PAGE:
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Netherlands, Iceland sign Artemis Accords for moon exploration

Two more nations have joined the United States’ moon-exploration club.

Iceland and the Netherlands have signed the Artemis Accords, which lay out a framework for peaceful, transparent and sustainable lunar exploration, NASA officials announced on Wednesday (Nov. 1).

Iceland came on board last month, and the Netherlands did so on Wednesday (Nov. 1) during a ceremony at the Dutch Ambassador’s Residence in Washington. The two additions bring the total number of signatories to 31.

Related: What are the Artemis Accords?

“NASA welcomes the Netherlands as the newest and 31st member of the Artemis Accords family,” NASA Administrator Bill Nelson said in a statement on Wednesday. 

“It takes global leadership and cooperation to ensure the peaceful, transparent exploration of space for the Artemis Generation and beyond,” he added. “As one of America’s oldest allies, NASA is proud to expand our partnership with the Netherlands and build a future defined by limitless opportunity and discovery.”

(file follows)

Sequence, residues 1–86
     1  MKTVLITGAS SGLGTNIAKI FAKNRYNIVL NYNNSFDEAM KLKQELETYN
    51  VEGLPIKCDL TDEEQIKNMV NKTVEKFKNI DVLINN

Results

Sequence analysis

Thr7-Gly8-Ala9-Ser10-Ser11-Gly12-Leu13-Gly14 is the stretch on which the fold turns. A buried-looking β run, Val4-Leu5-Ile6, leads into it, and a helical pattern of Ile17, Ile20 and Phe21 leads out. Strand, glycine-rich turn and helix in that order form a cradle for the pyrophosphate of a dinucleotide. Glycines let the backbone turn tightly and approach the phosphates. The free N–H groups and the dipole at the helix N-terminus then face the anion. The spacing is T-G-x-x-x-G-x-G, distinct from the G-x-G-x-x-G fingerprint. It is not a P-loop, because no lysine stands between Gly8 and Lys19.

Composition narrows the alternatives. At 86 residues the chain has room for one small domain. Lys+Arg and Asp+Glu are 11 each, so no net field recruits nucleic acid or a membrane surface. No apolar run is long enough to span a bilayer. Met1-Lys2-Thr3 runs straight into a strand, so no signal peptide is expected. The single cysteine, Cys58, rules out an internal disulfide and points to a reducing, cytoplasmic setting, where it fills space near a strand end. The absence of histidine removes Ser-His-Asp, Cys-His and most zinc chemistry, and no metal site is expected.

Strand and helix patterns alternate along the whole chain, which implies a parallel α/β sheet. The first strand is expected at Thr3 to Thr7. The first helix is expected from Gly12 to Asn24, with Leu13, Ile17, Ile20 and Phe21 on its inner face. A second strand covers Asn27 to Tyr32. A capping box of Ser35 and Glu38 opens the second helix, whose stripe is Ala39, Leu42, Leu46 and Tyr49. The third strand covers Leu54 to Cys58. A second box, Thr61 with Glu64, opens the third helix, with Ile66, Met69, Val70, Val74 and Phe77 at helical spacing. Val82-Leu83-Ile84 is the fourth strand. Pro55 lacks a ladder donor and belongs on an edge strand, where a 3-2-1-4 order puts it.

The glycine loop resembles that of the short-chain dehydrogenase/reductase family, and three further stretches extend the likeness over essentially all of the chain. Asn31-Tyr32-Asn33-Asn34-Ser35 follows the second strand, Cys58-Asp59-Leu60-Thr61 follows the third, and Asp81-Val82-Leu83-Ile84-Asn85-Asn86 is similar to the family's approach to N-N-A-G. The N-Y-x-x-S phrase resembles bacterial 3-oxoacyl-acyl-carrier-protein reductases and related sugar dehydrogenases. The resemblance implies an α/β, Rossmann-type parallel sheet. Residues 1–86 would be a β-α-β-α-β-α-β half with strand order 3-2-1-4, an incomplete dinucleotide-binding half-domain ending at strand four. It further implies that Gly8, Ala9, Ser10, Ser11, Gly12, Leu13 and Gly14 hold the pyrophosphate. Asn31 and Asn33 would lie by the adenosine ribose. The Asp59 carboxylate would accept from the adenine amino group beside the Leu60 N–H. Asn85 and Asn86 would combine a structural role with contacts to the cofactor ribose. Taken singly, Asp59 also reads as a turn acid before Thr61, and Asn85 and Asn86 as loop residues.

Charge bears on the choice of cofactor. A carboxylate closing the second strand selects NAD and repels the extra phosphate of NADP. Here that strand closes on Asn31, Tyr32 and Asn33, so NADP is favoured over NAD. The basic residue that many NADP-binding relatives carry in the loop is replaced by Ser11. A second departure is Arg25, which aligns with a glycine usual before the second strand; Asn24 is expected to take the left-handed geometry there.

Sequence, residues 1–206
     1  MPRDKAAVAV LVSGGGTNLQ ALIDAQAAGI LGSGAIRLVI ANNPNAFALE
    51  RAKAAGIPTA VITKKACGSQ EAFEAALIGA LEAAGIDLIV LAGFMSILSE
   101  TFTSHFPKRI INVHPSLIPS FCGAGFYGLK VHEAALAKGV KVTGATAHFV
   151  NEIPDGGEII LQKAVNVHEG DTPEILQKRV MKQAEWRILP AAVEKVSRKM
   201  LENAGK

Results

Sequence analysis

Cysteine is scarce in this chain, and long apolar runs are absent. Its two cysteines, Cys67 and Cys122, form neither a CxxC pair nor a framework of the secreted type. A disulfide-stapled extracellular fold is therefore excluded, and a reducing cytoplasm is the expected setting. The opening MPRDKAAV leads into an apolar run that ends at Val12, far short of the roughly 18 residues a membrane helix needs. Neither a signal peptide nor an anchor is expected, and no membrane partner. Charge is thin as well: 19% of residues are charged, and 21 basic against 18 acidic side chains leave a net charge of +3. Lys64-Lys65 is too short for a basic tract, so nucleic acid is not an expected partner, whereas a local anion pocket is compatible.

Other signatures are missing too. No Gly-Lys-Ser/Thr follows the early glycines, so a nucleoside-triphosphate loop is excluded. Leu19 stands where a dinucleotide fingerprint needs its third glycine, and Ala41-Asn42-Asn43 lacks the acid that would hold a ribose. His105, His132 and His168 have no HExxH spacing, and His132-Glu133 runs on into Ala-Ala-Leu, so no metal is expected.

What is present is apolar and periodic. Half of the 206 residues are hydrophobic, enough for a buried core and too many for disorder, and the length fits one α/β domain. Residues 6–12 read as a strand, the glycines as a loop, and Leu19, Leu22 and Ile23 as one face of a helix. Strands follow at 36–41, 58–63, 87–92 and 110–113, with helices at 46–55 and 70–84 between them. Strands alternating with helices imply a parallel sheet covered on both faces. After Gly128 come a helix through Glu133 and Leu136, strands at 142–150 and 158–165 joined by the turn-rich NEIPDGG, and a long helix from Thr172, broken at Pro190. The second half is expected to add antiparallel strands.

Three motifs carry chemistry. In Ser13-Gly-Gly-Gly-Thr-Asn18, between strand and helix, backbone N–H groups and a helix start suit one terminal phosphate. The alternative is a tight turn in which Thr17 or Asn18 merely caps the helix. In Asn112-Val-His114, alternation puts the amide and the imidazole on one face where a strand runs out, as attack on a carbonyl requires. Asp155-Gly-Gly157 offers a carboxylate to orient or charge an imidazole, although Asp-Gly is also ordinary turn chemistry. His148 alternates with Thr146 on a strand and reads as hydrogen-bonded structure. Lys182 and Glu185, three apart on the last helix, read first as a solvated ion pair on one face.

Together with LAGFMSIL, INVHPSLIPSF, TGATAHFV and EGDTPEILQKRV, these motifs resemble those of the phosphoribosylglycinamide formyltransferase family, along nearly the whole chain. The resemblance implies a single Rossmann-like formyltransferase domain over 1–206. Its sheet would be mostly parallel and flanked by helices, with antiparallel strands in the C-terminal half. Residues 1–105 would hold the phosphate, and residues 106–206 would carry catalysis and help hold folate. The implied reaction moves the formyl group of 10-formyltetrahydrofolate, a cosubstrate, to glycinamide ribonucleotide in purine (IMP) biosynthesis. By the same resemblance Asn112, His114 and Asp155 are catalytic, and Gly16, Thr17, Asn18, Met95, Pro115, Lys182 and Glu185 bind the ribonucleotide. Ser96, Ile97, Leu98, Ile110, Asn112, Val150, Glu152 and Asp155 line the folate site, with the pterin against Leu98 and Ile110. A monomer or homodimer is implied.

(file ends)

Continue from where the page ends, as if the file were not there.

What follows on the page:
NASA and the U.S. Department of State set up the Artemis Accords in 2020. The agreements are the diplomatic arm of the agency’s Artemis program, which aims to establish a permanent human presence on and around the moon by the end of the decade.

That ambitious goal will be achieved via cooperation with both private industry and international partners, NASA officials have said.

The 31 Artemis Accords signatories include some big spaceflight players, including Canada, France, Germany, India, Japan, South Korea and the United Kingdom.

China is leading another crewed lunar effort, which aims to establish a base near the moon’s south pole in the 2030s. Six nations have pledged their cooperation with China on that project:  Azerbaijan, Belarus, Pakistan, Russia, South Africa and Venezuela. 

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